As Protestants, we champion the doctrine of salvation grace alone through faith alone—by Christ alone! We have firmly planted our feet in the Protestant sand, and that will never change! However, that doesn’t mean that there aren’t some texts of Scripture that make us scratch our noggin if we don’t understand the context.
One of these texts of Scripture is Philippians 2:13, which says:
Therefore, my beloved, as you have always obeyed, so now, not only as in my presence but much more in my absence, work out your own salvation with fear and trembling (italics added)
To many Christians, this verse seems like it contradicts other parts of the Bible, especially Ephesians 2:8-9. Although, if we don’t like at verses by themselves—and look at the surround context!—we will begin to see that this verse does not espouse salvation by works.
Context, Context, Context
Taking the verse at face value—and by itself—it would seem as though it advocates either for working for our salvation or working to keep our salvation. However, neither are true. Context is key here, friends.
In the following verse, the Apostle Paul tells us “for it is God who works in you, both to will and to work for his good pleasure.“ This solves the question, does it not?
This passage of Scripture doesn’t teach we are commanded to work for our salvation nor to keep it; rather, it teaches that we must work out our salvation—to cultivate it—but that it is God Himself who works in us to do the cultivating. Like the text says, “for it is God who works in you.”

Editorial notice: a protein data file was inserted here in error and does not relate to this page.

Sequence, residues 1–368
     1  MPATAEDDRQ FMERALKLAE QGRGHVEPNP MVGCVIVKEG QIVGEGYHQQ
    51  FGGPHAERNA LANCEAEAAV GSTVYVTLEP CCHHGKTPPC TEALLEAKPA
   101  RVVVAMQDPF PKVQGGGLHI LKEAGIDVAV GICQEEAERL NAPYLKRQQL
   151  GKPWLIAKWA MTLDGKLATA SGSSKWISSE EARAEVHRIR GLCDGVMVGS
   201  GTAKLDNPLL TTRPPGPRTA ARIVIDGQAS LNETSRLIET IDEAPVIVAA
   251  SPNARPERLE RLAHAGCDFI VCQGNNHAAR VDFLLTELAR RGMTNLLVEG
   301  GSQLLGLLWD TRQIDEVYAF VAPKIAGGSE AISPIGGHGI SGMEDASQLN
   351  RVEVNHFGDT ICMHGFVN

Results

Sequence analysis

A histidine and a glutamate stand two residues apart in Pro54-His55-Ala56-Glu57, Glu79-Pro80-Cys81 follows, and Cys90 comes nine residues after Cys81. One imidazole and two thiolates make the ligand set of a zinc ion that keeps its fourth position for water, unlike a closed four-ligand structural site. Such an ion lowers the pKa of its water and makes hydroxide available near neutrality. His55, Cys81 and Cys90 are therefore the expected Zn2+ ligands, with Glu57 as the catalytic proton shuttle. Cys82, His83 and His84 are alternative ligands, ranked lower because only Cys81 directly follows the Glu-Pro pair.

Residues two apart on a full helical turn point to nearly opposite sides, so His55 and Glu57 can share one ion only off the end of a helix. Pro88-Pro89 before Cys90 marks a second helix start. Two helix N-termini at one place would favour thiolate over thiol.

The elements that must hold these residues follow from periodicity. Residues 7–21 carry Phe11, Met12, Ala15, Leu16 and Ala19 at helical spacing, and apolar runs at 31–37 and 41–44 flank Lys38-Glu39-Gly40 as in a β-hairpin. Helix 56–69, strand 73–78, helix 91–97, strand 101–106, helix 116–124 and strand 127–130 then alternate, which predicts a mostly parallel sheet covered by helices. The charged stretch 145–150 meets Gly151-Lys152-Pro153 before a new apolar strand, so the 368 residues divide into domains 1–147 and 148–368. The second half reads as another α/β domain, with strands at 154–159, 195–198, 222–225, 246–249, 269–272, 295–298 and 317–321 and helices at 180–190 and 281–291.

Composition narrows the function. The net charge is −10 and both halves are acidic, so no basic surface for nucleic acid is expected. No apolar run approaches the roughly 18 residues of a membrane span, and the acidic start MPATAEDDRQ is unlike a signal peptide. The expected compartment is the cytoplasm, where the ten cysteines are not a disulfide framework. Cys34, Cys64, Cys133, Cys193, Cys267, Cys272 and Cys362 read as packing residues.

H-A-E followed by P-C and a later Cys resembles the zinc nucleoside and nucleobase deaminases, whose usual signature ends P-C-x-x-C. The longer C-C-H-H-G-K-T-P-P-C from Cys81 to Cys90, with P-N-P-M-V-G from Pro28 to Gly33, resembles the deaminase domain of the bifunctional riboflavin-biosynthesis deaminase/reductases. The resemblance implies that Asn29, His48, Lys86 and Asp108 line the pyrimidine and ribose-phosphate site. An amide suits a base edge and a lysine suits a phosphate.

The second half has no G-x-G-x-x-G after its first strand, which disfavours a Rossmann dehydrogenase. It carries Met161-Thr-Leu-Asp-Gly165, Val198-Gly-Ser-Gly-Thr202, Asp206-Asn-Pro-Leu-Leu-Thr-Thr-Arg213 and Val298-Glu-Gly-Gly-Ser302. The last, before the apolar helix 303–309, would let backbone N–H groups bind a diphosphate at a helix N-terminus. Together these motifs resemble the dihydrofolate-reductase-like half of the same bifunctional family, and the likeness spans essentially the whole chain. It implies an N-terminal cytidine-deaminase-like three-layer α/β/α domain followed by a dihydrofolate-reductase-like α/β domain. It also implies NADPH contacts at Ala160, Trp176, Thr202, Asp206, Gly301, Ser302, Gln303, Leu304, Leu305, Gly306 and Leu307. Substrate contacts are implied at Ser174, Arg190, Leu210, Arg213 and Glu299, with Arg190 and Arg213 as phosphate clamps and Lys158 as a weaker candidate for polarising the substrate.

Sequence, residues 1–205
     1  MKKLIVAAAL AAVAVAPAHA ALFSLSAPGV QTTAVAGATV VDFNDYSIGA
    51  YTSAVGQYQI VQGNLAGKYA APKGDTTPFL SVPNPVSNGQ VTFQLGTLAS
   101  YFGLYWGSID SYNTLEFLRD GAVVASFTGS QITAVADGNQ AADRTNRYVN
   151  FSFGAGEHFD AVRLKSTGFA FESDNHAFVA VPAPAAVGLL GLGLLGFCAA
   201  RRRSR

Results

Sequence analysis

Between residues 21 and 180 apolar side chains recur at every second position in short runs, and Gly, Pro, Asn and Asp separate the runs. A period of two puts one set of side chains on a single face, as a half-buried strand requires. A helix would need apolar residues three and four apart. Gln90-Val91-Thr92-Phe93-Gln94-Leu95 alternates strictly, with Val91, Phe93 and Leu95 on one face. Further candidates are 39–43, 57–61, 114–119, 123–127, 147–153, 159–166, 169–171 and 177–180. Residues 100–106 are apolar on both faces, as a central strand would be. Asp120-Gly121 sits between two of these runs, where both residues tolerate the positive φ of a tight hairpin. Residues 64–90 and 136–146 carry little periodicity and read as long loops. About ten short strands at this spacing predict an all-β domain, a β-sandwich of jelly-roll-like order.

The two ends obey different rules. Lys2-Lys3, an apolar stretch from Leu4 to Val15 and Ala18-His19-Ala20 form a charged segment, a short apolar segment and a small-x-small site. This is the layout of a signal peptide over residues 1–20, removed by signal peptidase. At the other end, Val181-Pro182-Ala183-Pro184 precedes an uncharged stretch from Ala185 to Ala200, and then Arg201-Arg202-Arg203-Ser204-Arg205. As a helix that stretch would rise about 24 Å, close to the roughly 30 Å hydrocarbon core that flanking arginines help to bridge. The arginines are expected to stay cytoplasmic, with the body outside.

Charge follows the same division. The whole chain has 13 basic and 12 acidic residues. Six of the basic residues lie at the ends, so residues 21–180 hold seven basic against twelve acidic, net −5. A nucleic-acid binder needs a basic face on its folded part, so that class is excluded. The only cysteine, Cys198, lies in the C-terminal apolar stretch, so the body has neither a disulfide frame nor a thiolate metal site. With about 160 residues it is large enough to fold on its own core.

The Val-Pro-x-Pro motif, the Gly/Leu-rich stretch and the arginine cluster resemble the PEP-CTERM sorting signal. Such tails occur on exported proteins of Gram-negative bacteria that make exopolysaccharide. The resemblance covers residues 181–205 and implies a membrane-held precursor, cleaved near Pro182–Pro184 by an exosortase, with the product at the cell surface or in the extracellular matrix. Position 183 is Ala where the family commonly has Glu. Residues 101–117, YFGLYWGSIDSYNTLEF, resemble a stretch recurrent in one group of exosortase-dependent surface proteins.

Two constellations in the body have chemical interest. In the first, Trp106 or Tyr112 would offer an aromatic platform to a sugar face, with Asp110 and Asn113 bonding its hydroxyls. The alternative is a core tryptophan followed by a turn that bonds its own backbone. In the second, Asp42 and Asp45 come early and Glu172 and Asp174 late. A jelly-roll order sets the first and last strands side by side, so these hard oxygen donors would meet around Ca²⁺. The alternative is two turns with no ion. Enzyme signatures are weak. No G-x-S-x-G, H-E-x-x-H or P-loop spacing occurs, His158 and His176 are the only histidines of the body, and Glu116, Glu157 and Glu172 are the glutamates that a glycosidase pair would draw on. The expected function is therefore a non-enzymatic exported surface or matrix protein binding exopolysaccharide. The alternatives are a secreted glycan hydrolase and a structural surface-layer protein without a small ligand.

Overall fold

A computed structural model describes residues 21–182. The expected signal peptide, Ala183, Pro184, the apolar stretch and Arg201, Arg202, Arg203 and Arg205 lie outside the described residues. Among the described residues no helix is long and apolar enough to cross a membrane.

When we read verses in their proper context, we see the bigger picture and are therefore able to understand what God wants us to understand.
Work Out Our Salvation with Fear and Trembling?
It’s safe to assume this verse may frighten many Christians who don’t read their Bible much. Or, at the very least, they wouldn’t know how to explain it when talking with a person who advocates for works-based salvation.
When the text says that we should “work out our salvation with fear and trembling,” it simply refers to our role in sanctification. The Greek verb for “work out”–katergazomai–means to “keep on working out to completion, to ultimate fulfillment” (source). That is, it means we should continually be working out our salvation.
John MacArthur put it like this:
The command is for believers to make a continuing, sustained effort to work out to ultimate completion their salvation, which has been graciously granted to them by God through their faith in Jesus Christ.
But again, we see clearly that we need to work out our salvation to completion, but how do we do so? Again, the answer is simple: it refers to our duty in sanctification. What is our duty, you ask? We have a responsibility as Christians to pursue holiness by obeying God in our lives.
Believers are to be undefined before God (2 Corinthians 7:1); we must set our minds on heaven (Colossians 3:2); we must walk in a way that reflects the gospel that saved us (Ephesians 4:1).
So when Scripture tells us we must work out our salvation, it’s simply telling us to do our part in sanctification! But then, Scripture goes behind the scenes, so to speak, and reveals that even when we do our part in sanctification, it is God Himself who is working in and through us (v. 13).
Even though we must obey the command to do our part in pursuing holiness, we always remember that it is only through the power of the Holy Spirit that we do so.
Pursue Holiness, Church!
The pursuit of holiness is a mandate (Hebrews 12:14). We must pursue it. Joy-filled obedience is a natural result of regeneration. Our part in sanctification is just that: obedience. And this shouldn’t be begrudging obedience; no, it should be obedience that springs from a heart that takes joy in the God of salvation.
We play an active role (with God) in sanctification. We are called to work out our salvation with fear and trembling, all the while knowing that it is God who works in and through us–for our good and His glory!
Soli Deo Gloria